Alden sits rather nondescript on Madison Avenue. Inside, you will discover a tight space fully stocked with men’s shoes and accessories.

Alden was founded in 1884 by Charles H. Alden in Middleborough, Massachusetts.  Production continues today in Middleborough, though Alden’s flagship store is in New York. There, Alden supplies their largest stock of shoes.

You will probably be greeted by Moises Acevado, who has been working at Alden for fifteen years!

Moises Acevado showed me around the store front, which was quite tiny (for a sense of scale, imagine three large steps across the room).

The store boasts a plethora of shoes and accessories. Alden has produced a total of 160 styles of shoes (which includes color varieties). Of these, 30-35 boot styles exist–the rest are dress shoes. Many shoes share the same style, but are rendered in different leather. Their leather is sourced from Horween Tannery in Chicago.

Casual boots; the stitching on the apron of the shoes are hand-sewn

Alden’s three most popular shoes are their:

  1. Full-brogue wingtips
  2. Plain-toe blucher (in shell cordovan)
  3. Long-wing blucher (in shell cordovan)
Plain-toe blucher

The reason why their bluchers are the best-selling, according to Curtis (the manager), is because the blucher can function as both a business and casual shoe.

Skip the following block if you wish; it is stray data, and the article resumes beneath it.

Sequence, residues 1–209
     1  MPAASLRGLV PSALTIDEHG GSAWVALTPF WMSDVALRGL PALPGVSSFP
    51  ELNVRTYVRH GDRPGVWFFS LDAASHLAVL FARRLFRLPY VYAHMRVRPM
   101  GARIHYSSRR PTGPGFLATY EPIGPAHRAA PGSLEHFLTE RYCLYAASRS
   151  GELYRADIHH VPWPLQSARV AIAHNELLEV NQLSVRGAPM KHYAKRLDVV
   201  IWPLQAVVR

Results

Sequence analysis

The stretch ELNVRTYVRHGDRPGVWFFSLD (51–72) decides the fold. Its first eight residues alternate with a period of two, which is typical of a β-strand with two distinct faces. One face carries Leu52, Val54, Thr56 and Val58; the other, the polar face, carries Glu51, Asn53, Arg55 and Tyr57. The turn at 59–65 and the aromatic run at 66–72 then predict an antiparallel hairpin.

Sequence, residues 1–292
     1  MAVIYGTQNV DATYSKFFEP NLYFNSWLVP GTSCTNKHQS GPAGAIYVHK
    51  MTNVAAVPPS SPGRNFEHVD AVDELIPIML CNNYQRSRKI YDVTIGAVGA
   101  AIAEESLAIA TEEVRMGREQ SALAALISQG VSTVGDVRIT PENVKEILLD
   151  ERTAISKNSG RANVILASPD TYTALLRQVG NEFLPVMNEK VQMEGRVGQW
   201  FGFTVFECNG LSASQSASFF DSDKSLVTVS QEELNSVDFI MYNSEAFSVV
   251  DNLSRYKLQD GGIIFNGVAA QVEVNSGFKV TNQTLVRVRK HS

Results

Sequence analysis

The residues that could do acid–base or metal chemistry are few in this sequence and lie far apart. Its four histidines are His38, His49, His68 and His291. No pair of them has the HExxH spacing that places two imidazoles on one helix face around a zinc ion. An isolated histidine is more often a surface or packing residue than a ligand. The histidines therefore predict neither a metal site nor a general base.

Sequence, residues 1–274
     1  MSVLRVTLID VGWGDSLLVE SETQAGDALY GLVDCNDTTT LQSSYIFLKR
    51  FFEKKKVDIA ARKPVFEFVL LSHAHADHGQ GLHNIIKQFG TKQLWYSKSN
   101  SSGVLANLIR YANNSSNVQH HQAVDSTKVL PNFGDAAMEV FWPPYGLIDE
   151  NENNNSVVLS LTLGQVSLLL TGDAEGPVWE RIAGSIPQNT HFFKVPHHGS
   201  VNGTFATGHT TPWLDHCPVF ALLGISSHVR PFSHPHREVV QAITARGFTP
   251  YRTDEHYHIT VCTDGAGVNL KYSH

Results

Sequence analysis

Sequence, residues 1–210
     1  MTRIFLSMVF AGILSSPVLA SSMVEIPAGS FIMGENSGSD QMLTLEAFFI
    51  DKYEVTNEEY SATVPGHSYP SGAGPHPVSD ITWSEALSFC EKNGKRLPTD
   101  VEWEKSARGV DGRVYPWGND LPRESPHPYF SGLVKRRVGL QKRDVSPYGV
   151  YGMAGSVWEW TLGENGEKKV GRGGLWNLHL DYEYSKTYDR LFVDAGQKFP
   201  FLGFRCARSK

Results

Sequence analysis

Curtis Bosch, current manager and also a fifteen-year Alden veteran

It is pleasing to see Alden doing well. It is an American company and has remained such. Moises jokes that the store doesn’t need him at all, because the shoes practically “sell themselves.” In general, Alden is too bulky for my taste, but I accept that people have their preferences.

10% of Alden customers are European, 30% are Asian, and 40-50% are local New Yorkers. Japanese clientele with keen interest in Alden are surging their sales.

Although 20% of transactions are online, Curtis recommends that customers visit and get fitted in store. Alden sizes run slightly bigger, so men usually have to size down.

Alden was the last shoe store I visited in New York. I must say, it was enjoyable meeting their jovial, passionate workers.

Alden’s website:


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